Here's Why Bartenders Hate Vodka

According to the Distilled Spirits Council of the United States, vodka accounts for 32 percent of spirit consumption in the U.S. In addition, 65.2 million 9-liter cases of vodka were sold in the U.S 2012. After reading statistics like these, you'd probably guess that bartenders and mixologists appreciate vodka, and enjoy creating vodka cocktails, but as it turns out, they actually feel the exact opposite. Apparently, they don't like it at all.

Keep in mind; this is all a matter of opinion. Despite the negative sentiments toward vodka from behind the bar, Grey Goose, Absolut, and Smirnoff continue to be some of the top-selling liquor brands in the country.  But just because the public likes it, doesn't mean the people serving it have to.

If you take a moment to browse online, there are numerous articles posts, blogs, and social media discussions surrounding vodka and why it's overrated. After some quick research, here are the main reasons we found that bartenders and mixologists don't care for vodka.

It Has 'No' Taste

We put the word "no" in quotations for a reason. Obviously, if you drink vodka straight, it has a distinct taste. However, some of the best-selling brands — that are considered by many as quality vodka — actually resemble the taste of water. This may be due to the fact that low-quality brands have a harsh, rubbing-alcohol taste, leaving people to believe that the "good" vodka shouldn't have a taste at all. For people who know their booze, though, that's the furthest thing from the truth.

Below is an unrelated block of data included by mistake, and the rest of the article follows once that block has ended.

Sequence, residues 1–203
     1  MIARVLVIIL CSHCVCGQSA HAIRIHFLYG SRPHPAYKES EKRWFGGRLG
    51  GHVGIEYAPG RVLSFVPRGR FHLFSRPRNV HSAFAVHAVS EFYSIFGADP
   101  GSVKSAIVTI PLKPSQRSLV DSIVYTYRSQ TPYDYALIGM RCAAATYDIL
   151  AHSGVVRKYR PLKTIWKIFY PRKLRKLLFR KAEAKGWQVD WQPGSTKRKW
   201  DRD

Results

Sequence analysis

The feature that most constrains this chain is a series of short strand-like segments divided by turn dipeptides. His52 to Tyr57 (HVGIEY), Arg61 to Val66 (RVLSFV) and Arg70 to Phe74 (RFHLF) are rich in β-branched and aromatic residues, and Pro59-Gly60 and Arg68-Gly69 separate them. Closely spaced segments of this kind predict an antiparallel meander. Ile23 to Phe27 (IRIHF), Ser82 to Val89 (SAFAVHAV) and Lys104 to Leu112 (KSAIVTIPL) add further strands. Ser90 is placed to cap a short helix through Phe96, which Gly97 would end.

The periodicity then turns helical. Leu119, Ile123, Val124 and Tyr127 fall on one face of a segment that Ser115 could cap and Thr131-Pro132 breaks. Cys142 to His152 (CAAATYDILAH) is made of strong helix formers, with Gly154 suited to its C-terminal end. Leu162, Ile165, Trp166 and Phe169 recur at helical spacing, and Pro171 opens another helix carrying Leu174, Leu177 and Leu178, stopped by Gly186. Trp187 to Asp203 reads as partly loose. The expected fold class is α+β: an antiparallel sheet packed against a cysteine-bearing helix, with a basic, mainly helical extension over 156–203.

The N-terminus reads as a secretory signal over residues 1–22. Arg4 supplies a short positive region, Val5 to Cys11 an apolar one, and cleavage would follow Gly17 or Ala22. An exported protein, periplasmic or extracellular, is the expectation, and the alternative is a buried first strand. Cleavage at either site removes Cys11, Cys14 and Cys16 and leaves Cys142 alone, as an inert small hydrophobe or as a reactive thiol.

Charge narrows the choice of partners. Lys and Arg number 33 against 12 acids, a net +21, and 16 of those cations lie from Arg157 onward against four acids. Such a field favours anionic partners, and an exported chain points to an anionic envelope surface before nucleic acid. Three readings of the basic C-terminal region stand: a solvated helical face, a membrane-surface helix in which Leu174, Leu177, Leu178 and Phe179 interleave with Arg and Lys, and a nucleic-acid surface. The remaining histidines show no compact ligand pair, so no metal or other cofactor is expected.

It's Too Safe

Think fast: What would you like to drink? If you're at a crowded dive bar, when it's your turn to order a drink, the pressure is on. Chances are, in this situation, your go-to is something along the lines of a vodka tonic, a vodka soda, or a vodka cranberry. If not, congratulations — you know your booze better than you thought. (Unless you ordered a rum and coke.) If you chose a vodka drink, that's probably because it's a safe choice. You may be pleased with your choice, but many mixologists believe it's killing the cocktail industry.

It Steals the Spotlight

In a recent article surrounding vodka and its reputation on the restaurant and liquor businesses, Brooke Arthur of the Range in San Francisco expressed her concern on vodka cocktails and their popularity on the cocktail menu. While popular cocktails are never a bad thing, Arthur claims that the restaurant has experienced trouble replacing them. The restaurants best-selling cocktail, the Vin de Pamplemousse, is the only vodka drink on the menu. "No matter how much time I or my bartenders spend coming up with new drink made with other spirits, that's the only one that ever gets mention on Yelp, and it's still our best seller."